The brews of an alcoholic drink are always different. On the one hand, a drink can be made available in 25 days, or it might take up to 10 years to bring that savoury taste to build. Patents are a branch of intellectual property rights that saves the process and the product recipe from falling into the hands of the competitor. It is one of the most important parts of an invention that a brewery needs to have. However, it is important to note that there is no patent that directly secures the Alcoholic Drinks. But, there is a patent law for the protection of the recipes in India

The Patent Laws weren’t revised till 2005’s amendment. The 1970 Indian Patent Act did pave the way for the amendments but it wasn’t used to protect the food, beverages, pharma, or chemical compounds. However, now there are three tests by the India Patent Act that makes a food or beverage recipe secure. 

  • Novelty

The law requires that an invention be novel and not previously described in any document or used in the country or elsewhere in the world before the date of filing a patent application with complete specifications. Under Section 2(l) of the Patent Act, “new invention” means any invention or technology which has not been anticipated by publication in any document or used in the country or elsewhere in the world before the date of filing of a patent application with complete specifications.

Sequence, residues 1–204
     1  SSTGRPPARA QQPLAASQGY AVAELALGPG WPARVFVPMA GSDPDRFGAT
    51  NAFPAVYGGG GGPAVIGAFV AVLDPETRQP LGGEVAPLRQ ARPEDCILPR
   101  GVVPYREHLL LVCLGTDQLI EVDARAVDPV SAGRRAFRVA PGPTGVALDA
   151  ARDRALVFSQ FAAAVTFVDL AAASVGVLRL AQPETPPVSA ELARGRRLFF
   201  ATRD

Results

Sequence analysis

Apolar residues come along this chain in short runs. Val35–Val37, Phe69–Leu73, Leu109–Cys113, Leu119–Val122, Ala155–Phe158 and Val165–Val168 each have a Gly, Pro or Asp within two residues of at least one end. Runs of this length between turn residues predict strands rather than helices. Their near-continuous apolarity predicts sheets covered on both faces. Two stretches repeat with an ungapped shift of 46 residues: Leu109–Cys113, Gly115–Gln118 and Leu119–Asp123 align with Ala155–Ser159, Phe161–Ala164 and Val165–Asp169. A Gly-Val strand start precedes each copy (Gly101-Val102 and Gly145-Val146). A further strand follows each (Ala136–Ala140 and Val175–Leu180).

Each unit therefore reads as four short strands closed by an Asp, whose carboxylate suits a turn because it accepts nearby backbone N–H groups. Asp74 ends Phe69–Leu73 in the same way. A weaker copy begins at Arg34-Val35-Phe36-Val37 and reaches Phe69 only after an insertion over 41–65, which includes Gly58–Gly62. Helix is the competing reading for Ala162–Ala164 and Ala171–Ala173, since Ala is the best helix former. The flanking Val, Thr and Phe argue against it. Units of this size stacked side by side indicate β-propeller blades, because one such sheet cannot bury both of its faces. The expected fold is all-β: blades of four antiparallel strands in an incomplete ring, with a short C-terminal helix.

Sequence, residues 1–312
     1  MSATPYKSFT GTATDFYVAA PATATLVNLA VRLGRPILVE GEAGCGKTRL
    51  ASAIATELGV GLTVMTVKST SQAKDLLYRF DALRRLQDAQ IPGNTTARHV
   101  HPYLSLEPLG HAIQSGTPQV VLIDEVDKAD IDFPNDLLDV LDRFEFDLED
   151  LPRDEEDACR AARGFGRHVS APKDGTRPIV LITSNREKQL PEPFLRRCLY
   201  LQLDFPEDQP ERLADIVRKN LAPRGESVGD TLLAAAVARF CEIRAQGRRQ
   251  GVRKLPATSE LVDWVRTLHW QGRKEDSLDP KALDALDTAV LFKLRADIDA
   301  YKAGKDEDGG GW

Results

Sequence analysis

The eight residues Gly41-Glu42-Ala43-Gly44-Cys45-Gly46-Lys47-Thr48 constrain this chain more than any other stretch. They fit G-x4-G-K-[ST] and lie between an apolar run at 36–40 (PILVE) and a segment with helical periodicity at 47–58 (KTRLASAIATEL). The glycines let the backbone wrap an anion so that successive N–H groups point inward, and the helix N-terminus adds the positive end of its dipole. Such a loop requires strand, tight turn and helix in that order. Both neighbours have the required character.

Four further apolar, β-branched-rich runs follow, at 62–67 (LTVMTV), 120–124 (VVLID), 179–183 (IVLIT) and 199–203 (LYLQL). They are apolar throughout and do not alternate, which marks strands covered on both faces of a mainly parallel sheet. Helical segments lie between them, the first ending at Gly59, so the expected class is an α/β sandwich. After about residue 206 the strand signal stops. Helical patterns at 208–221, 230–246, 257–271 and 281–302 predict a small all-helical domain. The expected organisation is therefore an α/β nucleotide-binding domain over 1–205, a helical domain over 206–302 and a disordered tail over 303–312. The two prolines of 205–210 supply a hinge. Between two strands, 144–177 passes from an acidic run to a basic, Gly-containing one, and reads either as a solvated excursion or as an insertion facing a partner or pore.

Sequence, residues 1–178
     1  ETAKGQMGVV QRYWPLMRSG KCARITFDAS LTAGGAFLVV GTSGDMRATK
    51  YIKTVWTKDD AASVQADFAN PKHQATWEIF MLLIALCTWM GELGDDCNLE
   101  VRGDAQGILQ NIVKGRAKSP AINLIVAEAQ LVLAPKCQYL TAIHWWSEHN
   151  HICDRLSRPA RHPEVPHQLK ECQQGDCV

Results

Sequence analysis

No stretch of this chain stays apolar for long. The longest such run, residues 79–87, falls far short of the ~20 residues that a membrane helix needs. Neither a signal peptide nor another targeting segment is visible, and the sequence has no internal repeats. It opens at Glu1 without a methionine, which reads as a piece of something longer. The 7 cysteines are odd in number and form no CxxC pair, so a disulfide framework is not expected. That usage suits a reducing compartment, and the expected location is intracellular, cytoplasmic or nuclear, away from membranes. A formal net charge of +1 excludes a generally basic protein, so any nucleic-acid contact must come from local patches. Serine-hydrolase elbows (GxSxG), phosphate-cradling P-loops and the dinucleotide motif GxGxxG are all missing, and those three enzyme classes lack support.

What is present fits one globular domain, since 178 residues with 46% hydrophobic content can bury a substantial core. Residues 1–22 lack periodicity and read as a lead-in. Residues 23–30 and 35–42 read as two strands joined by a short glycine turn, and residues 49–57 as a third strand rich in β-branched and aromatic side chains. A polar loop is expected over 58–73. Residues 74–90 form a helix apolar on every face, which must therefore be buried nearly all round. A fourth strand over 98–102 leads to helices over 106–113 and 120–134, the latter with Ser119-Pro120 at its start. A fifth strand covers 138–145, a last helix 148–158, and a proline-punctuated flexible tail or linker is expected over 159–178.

• Non-Obviousness

A patentable invention must not be obvious, and it must provide a significant technical advance over previous knowledge. Section 2(ja) of the Patent Act defines an “inventive step” as a feature that involves some kind of technical advance compared with existing knowledge, an economic benefit, or both.

  • Usefulness

 The patent applicant must prove that the invention is useful and can be made or used in industry. In other words, the invention must have some use and should not be in contravention of the laws of the land.